In comparison to the extreme anti-immigrant rhetoric dominating the Republican presidential candidacy race, Ben Carson actually sounds rational. He wants to give guest-worker status to millions of undocumented immigrants without criminal records. But not so fast — his proposal could potentially make those people more vulnerable to employer exploitation.
During a conversation at the Commonwealth Club of California on Thursday, Carson said that he would secure the borders, allow undocumented immigrants without criminal records to become guest workers, and eventually let some of them apply for U.S. citizenship after they “go to the back of the line.”
“They have a six-month window and they can get registered, they can pay a back tax penalty, they can pay their taxes going forward, and they now exist aboveground,” Carson said at the event while detailing his guest-worker plan.
Meanwhile, he challenged some of the more radical ideas that have been floated over the last several months. Carson refuted current Republican frontrunner Donald Trump’s plan to deport all undocumented immigrants, saying it’s “naive” and would end up harming the agricultural and hotel industries.
“It sounds really cool,” Carson said. “People who say that have no idea what that entails in terms of our legal system, the cost. Forget about that. And plus, where are you going to send them?”
“I was talking to a farmer in South Dakota, who has a 8,000-acre farm. He starts his workers out at $11. He said he could not hire a single American, not one. …That farming industry would collapse,” he added. “If they are hard-working people and they have a clean record and they are contributing, I don’t feel it’s practical to round them up and throw them all out.”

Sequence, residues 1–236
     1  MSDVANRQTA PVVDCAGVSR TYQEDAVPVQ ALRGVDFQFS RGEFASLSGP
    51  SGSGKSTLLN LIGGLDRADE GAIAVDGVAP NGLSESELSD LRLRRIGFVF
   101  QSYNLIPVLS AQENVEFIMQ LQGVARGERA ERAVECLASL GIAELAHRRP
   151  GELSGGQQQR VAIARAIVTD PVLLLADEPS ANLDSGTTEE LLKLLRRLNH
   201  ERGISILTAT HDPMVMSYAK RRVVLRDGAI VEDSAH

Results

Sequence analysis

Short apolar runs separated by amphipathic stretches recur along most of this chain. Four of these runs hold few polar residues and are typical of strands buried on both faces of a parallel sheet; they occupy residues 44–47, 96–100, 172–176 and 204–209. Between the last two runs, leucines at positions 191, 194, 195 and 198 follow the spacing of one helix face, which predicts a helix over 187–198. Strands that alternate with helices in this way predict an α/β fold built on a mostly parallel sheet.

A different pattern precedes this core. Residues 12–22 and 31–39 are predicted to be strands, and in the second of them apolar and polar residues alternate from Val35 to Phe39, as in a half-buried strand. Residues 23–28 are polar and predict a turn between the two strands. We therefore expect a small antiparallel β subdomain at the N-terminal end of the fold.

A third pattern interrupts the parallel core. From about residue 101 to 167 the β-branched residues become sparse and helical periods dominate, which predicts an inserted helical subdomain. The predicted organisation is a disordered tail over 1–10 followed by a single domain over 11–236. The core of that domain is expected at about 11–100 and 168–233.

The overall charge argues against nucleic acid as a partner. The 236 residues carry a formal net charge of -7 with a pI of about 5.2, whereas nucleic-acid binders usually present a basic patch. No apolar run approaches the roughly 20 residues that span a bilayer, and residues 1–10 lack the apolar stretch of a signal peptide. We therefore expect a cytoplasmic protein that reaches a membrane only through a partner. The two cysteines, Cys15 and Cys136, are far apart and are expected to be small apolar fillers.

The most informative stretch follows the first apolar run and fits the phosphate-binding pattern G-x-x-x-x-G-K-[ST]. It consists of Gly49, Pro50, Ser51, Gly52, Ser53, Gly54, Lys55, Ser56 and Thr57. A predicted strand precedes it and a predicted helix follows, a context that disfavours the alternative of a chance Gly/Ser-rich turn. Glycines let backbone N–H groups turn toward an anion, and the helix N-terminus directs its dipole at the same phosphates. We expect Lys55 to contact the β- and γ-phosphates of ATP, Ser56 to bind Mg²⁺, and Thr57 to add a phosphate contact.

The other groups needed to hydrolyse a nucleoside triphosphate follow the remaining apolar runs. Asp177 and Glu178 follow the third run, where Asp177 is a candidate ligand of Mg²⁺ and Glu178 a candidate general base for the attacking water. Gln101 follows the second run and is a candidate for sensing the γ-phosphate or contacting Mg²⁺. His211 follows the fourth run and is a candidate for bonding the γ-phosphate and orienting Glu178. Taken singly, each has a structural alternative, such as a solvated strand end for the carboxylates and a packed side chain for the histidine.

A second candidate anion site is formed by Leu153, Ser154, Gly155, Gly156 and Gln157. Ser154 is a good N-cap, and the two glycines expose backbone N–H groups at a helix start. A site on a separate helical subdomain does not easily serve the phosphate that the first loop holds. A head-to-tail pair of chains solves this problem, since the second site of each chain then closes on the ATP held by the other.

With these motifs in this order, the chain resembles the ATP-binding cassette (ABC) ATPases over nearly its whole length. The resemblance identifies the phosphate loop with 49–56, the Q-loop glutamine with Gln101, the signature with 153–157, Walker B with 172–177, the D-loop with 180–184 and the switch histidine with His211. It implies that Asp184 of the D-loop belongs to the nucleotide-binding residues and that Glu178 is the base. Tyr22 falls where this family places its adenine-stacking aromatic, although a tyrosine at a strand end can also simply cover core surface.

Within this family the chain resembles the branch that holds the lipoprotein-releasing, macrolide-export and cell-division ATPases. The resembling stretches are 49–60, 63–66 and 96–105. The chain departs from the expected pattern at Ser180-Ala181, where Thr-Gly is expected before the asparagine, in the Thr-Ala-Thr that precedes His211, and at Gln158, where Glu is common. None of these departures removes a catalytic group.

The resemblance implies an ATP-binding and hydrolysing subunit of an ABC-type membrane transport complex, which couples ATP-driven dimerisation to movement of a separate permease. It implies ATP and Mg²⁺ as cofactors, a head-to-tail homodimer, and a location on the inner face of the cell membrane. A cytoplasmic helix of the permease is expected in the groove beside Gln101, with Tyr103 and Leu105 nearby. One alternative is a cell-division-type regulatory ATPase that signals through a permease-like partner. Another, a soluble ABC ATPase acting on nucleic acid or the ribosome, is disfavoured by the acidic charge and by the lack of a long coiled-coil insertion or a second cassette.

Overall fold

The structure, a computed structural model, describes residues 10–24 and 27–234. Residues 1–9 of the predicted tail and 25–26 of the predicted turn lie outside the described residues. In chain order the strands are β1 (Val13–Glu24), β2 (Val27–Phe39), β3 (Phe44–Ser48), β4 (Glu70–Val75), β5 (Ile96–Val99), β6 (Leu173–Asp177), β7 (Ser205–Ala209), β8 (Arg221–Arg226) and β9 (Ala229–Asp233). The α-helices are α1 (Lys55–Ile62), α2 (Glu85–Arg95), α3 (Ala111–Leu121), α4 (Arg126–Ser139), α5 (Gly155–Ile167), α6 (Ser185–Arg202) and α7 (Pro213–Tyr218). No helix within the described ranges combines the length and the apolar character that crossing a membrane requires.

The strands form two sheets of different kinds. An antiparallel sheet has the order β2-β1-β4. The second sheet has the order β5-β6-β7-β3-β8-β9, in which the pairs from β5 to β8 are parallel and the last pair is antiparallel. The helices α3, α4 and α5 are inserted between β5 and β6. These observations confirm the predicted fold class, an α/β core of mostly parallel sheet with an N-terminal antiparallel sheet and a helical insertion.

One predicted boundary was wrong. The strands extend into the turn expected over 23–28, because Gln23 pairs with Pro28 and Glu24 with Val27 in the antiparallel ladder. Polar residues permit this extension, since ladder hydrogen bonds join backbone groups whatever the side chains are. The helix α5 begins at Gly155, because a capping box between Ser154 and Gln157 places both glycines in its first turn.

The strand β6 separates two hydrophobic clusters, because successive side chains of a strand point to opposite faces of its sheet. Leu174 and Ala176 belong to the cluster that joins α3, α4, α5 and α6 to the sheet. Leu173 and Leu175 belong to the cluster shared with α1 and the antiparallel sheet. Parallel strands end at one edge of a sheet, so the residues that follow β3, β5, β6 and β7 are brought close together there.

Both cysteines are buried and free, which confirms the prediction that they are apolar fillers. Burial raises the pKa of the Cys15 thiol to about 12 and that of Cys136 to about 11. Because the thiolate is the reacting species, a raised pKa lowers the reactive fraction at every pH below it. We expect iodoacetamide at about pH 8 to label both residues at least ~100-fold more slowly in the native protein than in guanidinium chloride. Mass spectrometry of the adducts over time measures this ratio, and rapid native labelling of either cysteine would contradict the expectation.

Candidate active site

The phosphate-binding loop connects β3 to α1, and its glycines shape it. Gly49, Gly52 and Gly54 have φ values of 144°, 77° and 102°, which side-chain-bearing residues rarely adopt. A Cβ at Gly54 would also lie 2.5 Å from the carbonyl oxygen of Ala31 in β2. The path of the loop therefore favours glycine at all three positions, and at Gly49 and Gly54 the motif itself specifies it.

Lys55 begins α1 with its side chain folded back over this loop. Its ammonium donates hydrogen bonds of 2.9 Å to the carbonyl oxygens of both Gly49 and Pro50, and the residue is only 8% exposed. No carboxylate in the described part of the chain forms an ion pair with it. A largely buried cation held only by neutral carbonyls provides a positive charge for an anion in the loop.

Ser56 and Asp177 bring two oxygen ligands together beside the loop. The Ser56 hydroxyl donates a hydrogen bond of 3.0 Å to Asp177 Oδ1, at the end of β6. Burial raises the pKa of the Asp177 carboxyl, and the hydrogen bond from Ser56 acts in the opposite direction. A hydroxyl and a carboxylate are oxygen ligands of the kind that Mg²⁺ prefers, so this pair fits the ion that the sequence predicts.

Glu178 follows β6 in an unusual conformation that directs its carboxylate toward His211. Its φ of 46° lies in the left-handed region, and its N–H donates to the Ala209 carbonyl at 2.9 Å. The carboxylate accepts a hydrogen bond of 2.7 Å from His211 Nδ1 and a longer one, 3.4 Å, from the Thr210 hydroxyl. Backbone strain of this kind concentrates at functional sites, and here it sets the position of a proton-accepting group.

Carson’s move away from mass deportation may make his plan appear workable, especially when compared to how anti-immigrant the rest of the Republican candidate field stands. Trump, for example, is enthusiastic about getting people out of the country and having an “expedited way” of letting the “good people” back in. Chris Christie, another Republican presidential candidate, argued for tracking immigrants like FedEx packages. And on more than one occasion, former Florida Gov. Jeb Bush has told critics to “chill out” over his use of the slur “anchor babies” to describe U.S. citizen children born to undocumented parents.
Forgiving for a moment Carson’s generalized notion that undocumented immigrants are solely hotel workers or farmworkers (like him, undocumented immigrants can be future doctors, lawyers, or even journalists), if Carson’s immigration plan is anything like how the guest-worker program operates now, then millions of future employees can expect to be exploited to the same extent as undocumented immigrants.
According to a May 2015 Economic Policy Institute report, guest workers, like those sponsored through the H-2A or H-2B visa programs designated for agriculture and other similarly skilled programs, earn “about 11 percent less than” green-card holders and “their wages do not significantly differ from unauthorized workers’ wages.” Essentially, guest workers are just as likely to be subjected to low wages as undocumented immigrants. That’s in part because H-2 visa holders are tied to their employers to keep their visas valid, so they can’t change employers or jobs while working in the United States.
Under the H-2A and H-2B programs, employers are supposed to cover the cover the cost of travel, visas, and any associated costs of transportation from the housing to the job site. But employees occasionally find those costs taken from their paychecks.
They’re also not particularly treated fairly. Mexican H-2A visa workers filed lawsuits against a tobacco farm in Kentucky in June alleging that they were paid less than the guaranteed wage, housed in rat-infested conditions, and prevented from leaving. And a group of Mexican workers filed a complaint against a Mississippi-based landscaping company after they were fired for complaining about their conditions. And a 2013 Southern Poverty Law Center report found that guest workers are routinely cheated out of wages and held virtually captive by employers.